Please use this identifier to cite or link to this item: https://hdl.handle.net/10356/82637
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dc.contributor.authorEwing, J. Jacksonen
dc.date.accessioned2016-03-03T03:41:09Zen
dc.date.accessioned2019-12-06T14:59:26Z-
dc.date.available2016-03-03T03:41:09Zen
dc.date.available2019-12-06T14:59:26Z-
dc.date.issued2009en
dc.identifier.citationEwing, J. J. (2009). Converging Peril : Climate Change and Conflict in the Southern Philippines. (RSIS Working Paper, No. 187). Singapore: Nanyang Technological University.en
dc.identifier.urihttps://hdl.handle.net/10356/82637-
dc.description.abstractThe provinces of the Autonomous Region of Muslim Mindanao (ARMM) in the southern Philippines are experiencing convergence risks from climate change and violent conflict. These provinces combine a natural vulnerability to the effects of climate change with a low adaptive capacity to meet the challenges posed by detrimental climate shifts. Provinces in the ARMM depend heavily upon coastal resources, which are highly susceptible to climatedriven ecological changes, for the livelihoods and life support systems of their populations. These same provinces possess some of the lowest development indicators in the Philippine archipelago, which makes adaptation to the effects of climate change substantially more difficult. Physical and societal vulnerability to climate change in ARMM provinces combines with an established conflict dynamic between elements of the Moro population and the Government of the Republic of the Philippines (GRP). Because of the connectedness of these issues, the potential for climate change to lead to greater deprivation and social challenges in the ARMM is an important consideration for peacebuilding efforts in the region. Recognising the potential relationships between climate change and conflict in Mindanao is an important step towards employing integrated approaches that address both climate and security challenges. While increasingly clear scientific evidence demonstrates that climate change poses significant challenges for many sectors of society, determining the appropriate place for climate change in security studies remains a difficult task. Climate change requires a re-evaluation of traditional security norms that respects its potential to exacerbate conflict dynamics and make peacebuilding efforts more difficult. A comprehensive approach to security that includes conflict drivers from a multitude of sectors represents the most appropriate framework for addressing climate and conflict challenges. This working paper argues that recognising the interplay between climate change and insecurity is a central step towards adopting comprehensive strategies for promoting stability in Mindanao and other vulnerable regions. Integrated strategies that address adaptation to climate change as well as traditional conflict drivers provide a progressive way to address intersecting climate and conflict vulnerability.en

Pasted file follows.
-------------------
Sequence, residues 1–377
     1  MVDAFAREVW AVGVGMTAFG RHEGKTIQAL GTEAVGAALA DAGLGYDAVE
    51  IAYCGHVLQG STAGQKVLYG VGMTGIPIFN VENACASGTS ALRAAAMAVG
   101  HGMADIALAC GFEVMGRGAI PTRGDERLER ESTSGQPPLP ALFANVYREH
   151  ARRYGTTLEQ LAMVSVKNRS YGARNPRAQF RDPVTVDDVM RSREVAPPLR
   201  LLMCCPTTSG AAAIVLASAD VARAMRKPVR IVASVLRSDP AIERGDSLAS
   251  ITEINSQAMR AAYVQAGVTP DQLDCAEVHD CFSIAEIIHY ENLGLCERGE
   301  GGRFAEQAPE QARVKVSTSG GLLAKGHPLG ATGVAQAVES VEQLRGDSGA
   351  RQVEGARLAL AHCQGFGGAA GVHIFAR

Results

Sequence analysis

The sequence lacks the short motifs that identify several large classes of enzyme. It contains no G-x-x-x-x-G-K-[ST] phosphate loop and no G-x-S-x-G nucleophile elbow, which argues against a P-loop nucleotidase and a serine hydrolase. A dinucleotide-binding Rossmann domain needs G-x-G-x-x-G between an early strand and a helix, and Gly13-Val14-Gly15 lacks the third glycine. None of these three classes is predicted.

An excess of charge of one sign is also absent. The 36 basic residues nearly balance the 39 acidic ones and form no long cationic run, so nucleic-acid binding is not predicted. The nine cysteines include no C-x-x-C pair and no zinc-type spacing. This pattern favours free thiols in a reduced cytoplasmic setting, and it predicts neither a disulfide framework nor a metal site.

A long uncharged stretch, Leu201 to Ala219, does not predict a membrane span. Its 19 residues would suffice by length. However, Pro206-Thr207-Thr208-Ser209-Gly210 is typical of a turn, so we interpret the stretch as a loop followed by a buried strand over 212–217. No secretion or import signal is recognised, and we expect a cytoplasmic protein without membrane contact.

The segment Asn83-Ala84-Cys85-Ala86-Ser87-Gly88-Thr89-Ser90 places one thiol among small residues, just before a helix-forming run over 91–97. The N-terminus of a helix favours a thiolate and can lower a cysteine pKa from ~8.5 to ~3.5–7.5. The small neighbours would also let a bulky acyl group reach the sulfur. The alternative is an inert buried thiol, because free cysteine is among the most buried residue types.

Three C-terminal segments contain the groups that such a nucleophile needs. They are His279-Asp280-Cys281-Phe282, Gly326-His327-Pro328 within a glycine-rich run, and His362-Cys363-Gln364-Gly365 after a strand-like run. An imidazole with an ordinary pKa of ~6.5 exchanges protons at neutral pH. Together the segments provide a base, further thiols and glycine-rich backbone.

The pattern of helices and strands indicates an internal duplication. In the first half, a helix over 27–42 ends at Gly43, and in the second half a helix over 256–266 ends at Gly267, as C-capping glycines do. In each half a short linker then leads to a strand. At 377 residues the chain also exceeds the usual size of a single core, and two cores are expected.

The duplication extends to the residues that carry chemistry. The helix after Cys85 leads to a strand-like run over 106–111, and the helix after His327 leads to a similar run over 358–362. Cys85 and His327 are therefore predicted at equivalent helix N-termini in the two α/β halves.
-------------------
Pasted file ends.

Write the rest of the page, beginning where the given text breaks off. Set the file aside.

dc.format.extent48 p.en
dc.language.isoenen
dc.relation.ispartofseriesRSIS Working Papers, 187-09en
dc.rightsNanyang Technological Universityen
dc.subjectDRNTU::Social sciences::Political scienceen
dc.titleConverging Peril : Climate Change and Conflict in the Southern Philippinesen
dc.typeWorking Paperen
dc.contributor.schoolS. Rajaratnam School of International Studiesen
item.grantfulltextopen-
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